The Never Ending Jou...

Guest Blog by Grant Faulkner Did I choose my writing process, or did it choose me? This was the question I asked myself after 20+ years of writing fiction. I wondered if I’d stumbled thoughtlessly upon my creative practice, and instead of actively scrutinizing it or consciously constructing...

6 Secrets to Writing a Novel No One Ever Told You

Writing a novel can seem like a daunting task, and a first-time author might even be hesitant to start. But if you’re passionate about writing and are willing to put in the work there is nothing to be afraid of. Telling stories is something you do every day, whether you are discussing your work day with your spouse, or reminiscing about past experiences with friends. Telling stories by word of mouth is something we do naturally, and writing a story is just taking those words and putting them on paper. When starting your novel, it is important to remember that it will take some time; it’s not a race. You need to be willing to commit the...

Writing Real

One of the cardinal rules of writing is to “write what you know.” A simple enough suggestion, but seemingly so limited it’s all but useless. How can you only write about what you know? Can you write crime fiction without being a criminal or a cop? Can you write a legal thriller without being a lawyer? Stephen King, in his classic work On Writing, clarifies a bit: “When you step away from the ‘write what you know’ rule, research becomes inevitable, and it can add a lot to your story. Just don’t end up with the tail wagging the dog; remember that you are writing a novel, not a research paper. The story always comes...

Writing Influences: ...

Few things are more beneficial to your writing than reading the work of other great writers. Reading and studying the greats can show you what’s possible, teach you what works, and give you inspiration. But once you’ve soaked in all the wonder and wisdom from your favorite...

What type of writer are you?

If you’re searching for a way to classify your identity as a writer, look no further than this great quote from George R.R. Martin: “I think there are two types of writers, the architects and the gardeners. The architects plan everything ahead of time, like an architect building a house. They know how many rooms are going to be in the house, what kind of roof they’re going to have, where the wires are going to run, what kind of plumbing there’s going to be. They have the whole thing designed and blueprinted out before they even nail the first board up. The gardeners dig a hole, drop in a seed and water it. They kind of...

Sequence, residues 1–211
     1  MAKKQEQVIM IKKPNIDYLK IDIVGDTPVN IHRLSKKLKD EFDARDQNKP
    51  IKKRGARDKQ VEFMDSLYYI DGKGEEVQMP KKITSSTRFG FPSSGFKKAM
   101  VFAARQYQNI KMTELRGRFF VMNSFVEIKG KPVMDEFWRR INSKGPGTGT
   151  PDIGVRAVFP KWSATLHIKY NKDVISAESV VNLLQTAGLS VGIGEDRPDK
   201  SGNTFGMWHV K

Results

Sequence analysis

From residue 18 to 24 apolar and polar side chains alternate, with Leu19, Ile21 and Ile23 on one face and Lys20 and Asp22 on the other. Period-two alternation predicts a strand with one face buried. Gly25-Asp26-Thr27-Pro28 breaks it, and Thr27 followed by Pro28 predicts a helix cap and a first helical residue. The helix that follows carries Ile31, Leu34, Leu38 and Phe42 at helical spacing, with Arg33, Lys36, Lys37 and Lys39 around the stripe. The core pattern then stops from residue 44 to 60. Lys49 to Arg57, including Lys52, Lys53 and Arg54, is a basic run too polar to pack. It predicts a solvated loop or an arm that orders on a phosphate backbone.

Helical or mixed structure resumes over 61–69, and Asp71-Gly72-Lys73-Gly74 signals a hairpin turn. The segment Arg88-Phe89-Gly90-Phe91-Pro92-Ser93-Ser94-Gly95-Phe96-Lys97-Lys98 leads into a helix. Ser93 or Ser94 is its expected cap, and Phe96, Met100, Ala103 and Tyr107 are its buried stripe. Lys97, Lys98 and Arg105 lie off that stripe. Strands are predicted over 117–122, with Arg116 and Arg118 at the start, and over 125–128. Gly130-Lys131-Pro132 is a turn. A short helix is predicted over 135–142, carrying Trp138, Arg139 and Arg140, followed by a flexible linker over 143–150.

Mastering Conflict a...

Mickey Spillane once said, “The first line sells your book. The last line sells your next book.” But how do you bridge the gap between those two lines? How do you get readers from Point A to Point Z without them giving up around Point F? (F as in Failed your job as a writer to engage the...

Read and Write to Co...

Have you ever turned to a page of a book and read something that seemed to speak directly to you? Sometimes we come across the words of another that articulate our own thoughts, feelings, passions and struggles.  To see another person ― either an author or a fictional character ― going...

How to End a Writing...

When in the middle of a writing session, how do you know when it’s time to stop working? When is time to keep writing, and when is it time to walk away? What’s the key to staying productive and energized? Today, we look for the answer in the words of Ernest Hemingway: “I always...

Make the Most of You...

With the 2013 Writer’s Digest Conference East just around the corner, we thought we’d take a look at a quote from the featured keynote speaker of this much-anticipated event — Adriana Trigiani. How does this bestselling, prolific and beloved writer go about her work? “Everything has...

A Romance Reading List Feb13

A Romance Reading Li...

With Valentine’s Day right around the corner, now is the perfect time to celebrate the romance genre and get swept away in the pages of a romance novel. Here are just a handful of well-reviewed romance books from Abbott Press authors:   Without Thinking Twice by...

Where Do You Get Your Ideas?

  Late last year, Writer’s Digest published a book by author and instructor Fred White entitled Where Do You Get Your Ideas?  The book’s premise is that finding ideas isn’t so hard, but finding good ideas and turning them into stories that are worthy of spending six months, a year, or even longer on takes some careful thought. White shows readers where to look for ideas, how to separate the good from the bad, and how to develop the former into something great. For me, I’ve always found that with my best ideas, I feel as if there’s a purpose to the writing — that I’m always moving towards a predetermined...

You Know Enough

If ever you doubt your capacity for great story ideas, may you find comfort in the words of novelist, poet and memoirist May Sarton: “Anyone who is going to be a writer knows enough at 15 to write several novels.” — May Sarton When you find yourself struggling to find inspiration, look...

How to Write a Ficti...

It begins surreptitiously. Multiple characters speak to you, and each point of view is important. Complex patterns of plots, each with its own protagonist, weave through your pages. You write, and you write, and you write. One by one, you attempt to resolve plot arcs, even if they don’t...